Before we get started, we have to define some terms. There are moderates with a record of doing something and those without one. Beyond that, I have to wonder if the moderate really exists. For example, did someone passionately believe that civil unions were the solution to the question of gay marriage or was it someone who believed in gay marriage being tactical? I suspect most so-called moderates are simply choosing different tactics.
Maybe there are really a few people out there who intensely like the death penalty only in cases of terrorism, who don’t see it as either totally OK or not. Maybe there are really a few people who intensely, deeply feel that it makes a big difference whether you have an abortion in the first trimester or the first day of the second.
I suspect, at the end of the day, in the majority of cases, the difference comes down to the person’s relationship with the opposition (and therefore democracy itself) or their examination of the political landscape. It is all too tempting to believe that when a country elects a Democratic president that it’s ready for a massive political revolution. Maybe that’s true on a certain level, but within our constitutional framework, it’s contingent on that support spreading to Congress, like it did in 2006-2008.
The progressives and the revolutionaries in today’s debate seem to think that doing anything half ways is corruption. But when things are accomplished, it helps actual people. When it does so in a way that both sides can grudgingly accept, that’s democracy.
So, the moderate with a record of success deserves our thanks. The one that fails, or who gives up too much ground, however, deserves a critical review.
But the ideologue held to this same standard will likely fail. The Ralph Naders and Bernie Sanders of the world have been good at making people hold progressive ideals. They have been terrible at translating those ideals into progress. Since I am skeptical that many people are “intensely moderate” and most people have up-or-down beliefs about most things, it’s good to get people to those up-or-down beliefs through persuasion the way people who build movements like Sanders can do. Convincing people that health care is a right is great work. Being sad that not every person that holds that belief is headed for the ramparts to get it is not.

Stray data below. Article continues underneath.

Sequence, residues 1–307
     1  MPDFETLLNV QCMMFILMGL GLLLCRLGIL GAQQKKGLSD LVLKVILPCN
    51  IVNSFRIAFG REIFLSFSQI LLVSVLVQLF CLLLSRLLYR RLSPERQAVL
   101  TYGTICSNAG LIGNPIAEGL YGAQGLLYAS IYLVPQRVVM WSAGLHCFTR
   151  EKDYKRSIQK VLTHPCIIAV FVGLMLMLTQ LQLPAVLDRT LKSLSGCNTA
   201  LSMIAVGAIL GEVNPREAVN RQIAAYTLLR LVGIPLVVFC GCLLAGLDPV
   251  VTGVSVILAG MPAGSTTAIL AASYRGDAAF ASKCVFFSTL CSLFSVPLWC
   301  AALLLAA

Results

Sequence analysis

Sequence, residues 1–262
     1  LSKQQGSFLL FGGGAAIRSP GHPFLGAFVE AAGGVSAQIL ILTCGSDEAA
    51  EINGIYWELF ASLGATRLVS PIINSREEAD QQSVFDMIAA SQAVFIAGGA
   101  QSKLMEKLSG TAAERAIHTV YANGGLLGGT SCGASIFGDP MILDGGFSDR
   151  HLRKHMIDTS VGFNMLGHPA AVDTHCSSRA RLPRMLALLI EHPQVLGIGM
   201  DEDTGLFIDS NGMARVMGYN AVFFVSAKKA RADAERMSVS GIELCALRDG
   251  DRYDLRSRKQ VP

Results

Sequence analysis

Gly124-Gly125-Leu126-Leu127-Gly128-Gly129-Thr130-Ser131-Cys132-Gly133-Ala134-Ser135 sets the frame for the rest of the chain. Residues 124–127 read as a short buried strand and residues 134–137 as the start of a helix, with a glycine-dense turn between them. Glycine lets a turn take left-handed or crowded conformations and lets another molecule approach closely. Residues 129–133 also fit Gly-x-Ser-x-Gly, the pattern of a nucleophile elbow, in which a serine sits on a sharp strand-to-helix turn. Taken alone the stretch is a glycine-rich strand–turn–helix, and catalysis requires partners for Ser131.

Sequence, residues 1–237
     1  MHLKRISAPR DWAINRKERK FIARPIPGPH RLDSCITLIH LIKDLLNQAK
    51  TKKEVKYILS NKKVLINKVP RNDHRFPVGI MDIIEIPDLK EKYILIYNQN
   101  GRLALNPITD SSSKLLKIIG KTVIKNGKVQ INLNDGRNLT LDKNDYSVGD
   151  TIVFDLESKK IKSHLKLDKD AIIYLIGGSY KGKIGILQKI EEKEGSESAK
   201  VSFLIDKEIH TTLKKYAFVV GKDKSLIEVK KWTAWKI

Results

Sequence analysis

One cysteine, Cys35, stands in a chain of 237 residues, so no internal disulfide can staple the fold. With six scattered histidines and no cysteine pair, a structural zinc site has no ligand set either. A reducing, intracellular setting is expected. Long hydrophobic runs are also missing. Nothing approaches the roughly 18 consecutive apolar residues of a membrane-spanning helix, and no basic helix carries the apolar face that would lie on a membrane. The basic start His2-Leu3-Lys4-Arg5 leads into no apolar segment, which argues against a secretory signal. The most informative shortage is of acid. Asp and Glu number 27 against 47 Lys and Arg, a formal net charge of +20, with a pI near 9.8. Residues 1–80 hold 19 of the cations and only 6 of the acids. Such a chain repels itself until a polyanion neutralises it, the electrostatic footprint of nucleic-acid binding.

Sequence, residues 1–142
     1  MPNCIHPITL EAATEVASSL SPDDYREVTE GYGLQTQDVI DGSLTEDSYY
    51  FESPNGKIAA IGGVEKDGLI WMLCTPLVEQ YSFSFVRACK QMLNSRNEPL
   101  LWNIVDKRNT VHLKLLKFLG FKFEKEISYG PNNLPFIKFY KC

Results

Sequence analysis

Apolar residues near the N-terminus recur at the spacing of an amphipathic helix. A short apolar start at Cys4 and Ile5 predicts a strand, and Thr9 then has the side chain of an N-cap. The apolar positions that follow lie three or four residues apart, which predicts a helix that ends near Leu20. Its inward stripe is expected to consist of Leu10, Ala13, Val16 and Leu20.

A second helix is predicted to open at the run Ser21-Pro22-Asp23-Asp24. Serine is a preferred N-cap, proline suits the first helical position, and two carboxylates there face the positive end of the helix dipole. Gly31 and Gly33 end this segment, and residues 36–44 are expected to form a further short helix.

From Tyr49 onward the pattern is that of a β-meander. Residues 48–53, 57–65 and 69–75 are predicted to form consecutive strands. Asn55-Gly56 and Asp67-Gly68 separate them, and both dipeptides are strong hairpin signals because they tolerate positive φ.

The truth is, we need both, but the fill different roles in our politics. The movement leaders change minds; the elected officials have to put those ideals in action. A rare few people have been both.
Martin Luther King lead the movement, but it took a wily political operator like LBJ to get civil rights enacted. Such partnerships are there throughout history if you’re willing to look.
One alleged moderate hated by today’s progressives is Bill Clinton. But when Clinton came to office, he led with two rather revolutionary policy initiatives: gays in the military and universal healthcare. It was the Democratically controlled Congress that stopped both of them. Then, in 1994, when the Republicans came in, it was a miracle he got anything done at all.
Another alleged moderate that today’s progressives are more shy about hating is Barack Obama. But when Obama came to office, he led with a revolution in health care reform that passed by the skin of its teeth through a Democratically controlled Congress and it was in doubt until the very last vote, in doubt until the Supreme Court finally, barely, let it stand. Yet somehow, Obama needed to enact single payer? Then, in 2010, when the Republicans came in, he bargained harder than many give him credit for (including myself at the time) and won substantive improvement for many people’s lives.
I am very inclined to hear arguments that our system has very serious flaws, including far too many veto points (though I imagine myself eating crow on that one if Cruz or Trump are elected) but an argument for systematic change isn’t and can’t be an argument against someone who did what they could in the existing system.
And the reality is, massive Constitutional change isn’t popular at the moment. Maybe someone should start a movement about that.